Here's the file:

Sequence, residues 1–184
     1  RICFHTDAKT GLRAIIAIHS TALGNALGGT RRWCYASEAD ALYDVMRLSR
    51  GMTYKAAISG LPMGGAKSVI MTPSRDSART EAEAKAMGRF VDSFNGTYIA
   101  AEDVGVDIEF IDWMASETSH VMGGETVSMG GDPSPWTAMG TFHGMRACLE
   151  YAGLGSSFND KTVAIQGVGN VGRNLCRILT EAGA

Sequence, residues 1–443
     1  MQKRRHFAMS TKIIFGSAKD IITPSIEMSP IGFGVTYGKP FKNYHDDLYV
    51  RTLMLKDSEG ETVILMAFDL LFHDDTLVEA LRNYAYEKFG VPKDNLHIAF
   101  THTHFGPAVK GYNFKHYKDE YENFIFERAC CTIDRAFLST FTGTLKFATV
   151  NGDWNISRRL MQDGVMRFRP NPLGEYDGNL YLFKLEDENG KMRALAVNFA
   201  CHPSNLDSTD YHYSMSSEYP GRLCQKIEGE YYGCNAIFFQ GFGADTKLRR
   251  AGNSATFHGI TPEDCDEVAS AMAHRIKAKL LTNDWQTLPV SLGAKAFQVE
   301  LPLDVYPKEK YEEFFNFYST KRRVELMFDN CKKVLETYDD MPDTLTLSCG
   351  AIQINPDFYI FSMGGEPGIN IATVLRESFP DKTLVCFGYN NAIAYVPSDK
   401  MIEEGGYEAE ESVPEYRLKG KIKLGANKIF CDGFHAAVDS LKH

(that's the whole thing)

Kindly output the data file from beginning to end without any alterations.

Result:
Sequence, residues 1–184
     1  RICFHTDAKT GLRAIIAIHS TALGNALGGT RRWCYASEAD ALYDVMRLSR
    51  GMTYKAAISG LPMGGAKSVI MTPSRDSART EAEAKAMGRF VDSFNGTYIA
   101  AEDVGVDIEF IDWMASETSH VMGGETVSMG GDPSPWTAMG TFHGMRACLE
   151  YAGLGSSFND KTVAIQGVGN VGRNLCRILT EAGA

Sequence, residues 1–443
     1  MQKRRHFAMS TKIIFGSAKD IITPSIEMSP IGFGVTYGKP FKNYHDDLYV
    51  RTLMLKDSEG ETVILMAFDL LFHDDTLVEA LRNYAYEKFG VPKDNLHIAF
   101  THTHFGPAVK GYNFKHYKDE YENFIFERAC CTIDRAFLST FTGTLKFATV
   151  NGDWNISRRL MQDGVMRFRP NPLGEYDGNL YLFKLEDENG KMRALAVNFA
   201  CHPSNLDSTD YHYSMSSEYP GRLCQKIEGE YYGCNAIFFQ GFGADTKLRR
   251  AGNSATFHGI TPEDCDEVAS AMAHRIKAKL LTNDWQTLPV SLGAKAFQVE
   301  LPLDVYPKEK YEEFFNFYST KRRVELMFDN CKKVLETYDD MPDTLTLSCG
   351  AIQINPDFYI FSMGGEPGIN IATVLRESFP DKTLVCFGYN NAIAYVPSDK
   401  MIEEGGYEAE ESVPEYRLKG KIKLGANKIF CDGFHAAVDS LKH